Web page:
“I show him my ticket and he doesn’t take it, he won’t take it until I sit down, so I do that. There are two guys talking in back of me and I think if I have to listen to them for two hours I’ll start chewing up my cigarettes, so I wait until the conductor is well into the next car, and then I stand between the cars again. 

"We’re in the Bronx now and I’m thinking, look, it’s just a pile of concrete, there are other places, you can do this, you’ve got a good idea, a good girl, you can do this. I lean against the car and try to relax to the chunk-chunk of the train.

“And the damned conductor comes back. ‘Sir, you cannot ride between the cars.’

“I look at him.

“My mind is humming like the laptop does when I’ve got too much open on it. Somewhere I’m begging him to leave. He doesn’t. We stare at each other, and I see that he is being brave. I haven’t said a word to him, my arms are at my sides, but I’m a head taller and 20 pounds heavier, and I must be giving him my black empty look, because when he says to me, ‘Sir, if you do not sit down I will have you put off the train at the next stop,’ there is fear in his eyes.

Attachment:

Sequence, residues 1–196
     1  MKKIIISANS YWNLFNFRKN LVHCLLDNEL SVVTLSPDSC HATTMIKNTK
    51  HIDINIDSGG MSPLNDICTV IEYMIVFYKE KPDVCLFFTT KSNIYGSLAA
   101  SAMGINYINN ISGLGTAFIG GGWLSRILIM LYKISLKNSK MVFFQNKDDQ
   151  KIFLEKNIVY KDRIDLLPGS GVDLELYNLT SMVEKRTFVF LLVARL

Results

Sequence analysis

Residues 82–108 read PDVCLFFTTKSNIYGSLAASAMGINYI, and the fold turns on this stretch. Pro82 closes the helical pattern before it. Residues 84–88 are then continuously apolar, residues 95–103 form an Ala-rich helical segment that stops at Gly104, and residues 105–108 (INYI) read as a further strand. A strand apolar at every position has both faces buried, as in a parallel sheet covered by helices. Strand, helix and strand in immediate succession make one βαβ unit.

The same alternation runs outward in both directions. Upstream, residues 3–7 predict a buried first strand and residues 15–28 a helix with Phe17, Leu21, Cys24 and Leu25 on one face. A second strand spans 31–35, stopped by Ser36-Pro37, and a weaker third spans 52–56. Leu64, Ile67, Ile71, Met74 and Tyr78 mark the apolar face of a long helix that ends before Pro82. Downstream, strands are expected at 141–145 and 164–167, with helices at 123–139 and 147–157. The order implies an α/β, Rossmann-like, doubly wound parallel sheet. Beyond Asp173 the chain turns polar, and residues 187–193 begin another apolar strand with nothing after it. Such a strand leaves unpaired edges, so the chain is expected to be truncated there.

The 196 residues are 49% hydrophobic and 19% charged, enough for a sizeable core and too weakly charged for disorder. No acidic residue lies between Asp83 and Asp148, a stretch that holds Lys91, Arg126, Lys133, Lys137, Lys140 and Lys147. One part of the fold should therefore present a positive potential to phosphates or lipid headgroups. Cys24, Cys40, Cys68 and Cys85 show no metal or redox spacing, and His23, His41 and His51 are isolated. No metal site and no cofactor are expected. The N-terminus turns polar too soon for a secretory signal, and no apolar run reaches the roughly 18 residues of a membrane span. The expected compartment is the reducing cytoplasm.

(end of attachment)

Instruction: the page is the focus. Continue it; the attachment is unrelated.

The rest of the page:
“Of me.

“We stare for another couple of seconds and then I sit down. I am taking the train to my new life. I don’t want to arrive in Yonkers to a police presence. In fact, there are two cops at the station when we get there, but I’m sitting, and I have a ticket. We go on. And every fifteen minutes for the rest of the ride, a conductor walks through the car, making sure I’m sitting.

“In Beekman all the rich people get off, leaving my end of the car to me and two women, each with a little kid. The one is your cute, practical mom, short hair, loose pants and sneakers, and every time her kid, a boy, probably about three, has shown the slightest sign of boredom, begun the slightest hint of a whine, she pulled a new toy out of a big blue bag she has. She has snacks for him, and games and puzzles and little kid books.